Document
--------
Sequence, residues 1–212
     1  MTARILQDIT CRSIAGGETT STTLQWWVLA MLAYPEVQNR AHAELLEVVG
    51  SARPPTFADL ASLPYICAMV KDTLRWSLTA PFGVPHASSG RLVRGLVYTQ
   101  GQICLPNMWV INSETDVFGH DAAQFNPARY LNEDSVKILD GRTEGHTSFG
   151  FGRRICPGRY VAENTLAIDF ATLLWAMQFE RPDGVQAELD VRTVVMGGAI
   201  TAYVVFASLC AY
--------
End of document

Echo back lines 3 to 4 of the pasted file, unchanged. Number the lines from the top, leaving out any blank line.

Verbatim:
    51  SARPPTFADL ASLPYICAMV KDTLRWSLTA PFGVPHASSG RLVRGLVYTQ
   101  GQICLPNMWV INSETDVFGH DAAQFNPARY LNEDSVKILD GRTEGHTSFG